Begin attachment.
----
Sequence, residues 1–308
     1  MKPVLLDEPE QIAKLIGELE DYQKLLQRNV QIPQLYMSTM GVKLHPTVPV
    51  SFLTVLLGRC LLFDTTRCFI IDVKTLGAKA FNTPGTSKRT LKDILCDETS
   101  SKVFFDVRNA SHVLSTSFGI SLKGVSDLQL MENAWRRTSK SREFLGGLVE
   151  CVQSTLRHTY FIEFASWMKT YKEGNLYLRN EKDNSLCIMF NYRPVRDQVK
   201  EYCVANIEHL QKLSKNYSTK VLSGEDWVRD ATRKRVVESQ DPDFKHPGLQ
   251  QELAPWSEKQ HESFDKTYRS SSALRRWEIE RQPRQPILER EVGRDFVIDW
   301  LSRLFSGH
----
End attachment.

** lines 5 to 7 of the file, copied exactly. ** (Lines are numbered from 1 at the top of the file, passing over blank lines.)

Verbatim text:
   151  CVQSTLRHTY FIEFASWMKT YKEGNLYLRN EKDNSLCIMF NYRPVRDQVK
   201  EYCVANIEHL QKLSKNYSTK VLSGEDWVRD ATRKRVVESQ DPDFKHPGLQ
   251  QELAPWSEKQ HESFDKTYRS SSALRRWEIE RQPRQPILER EVGRDFVIDW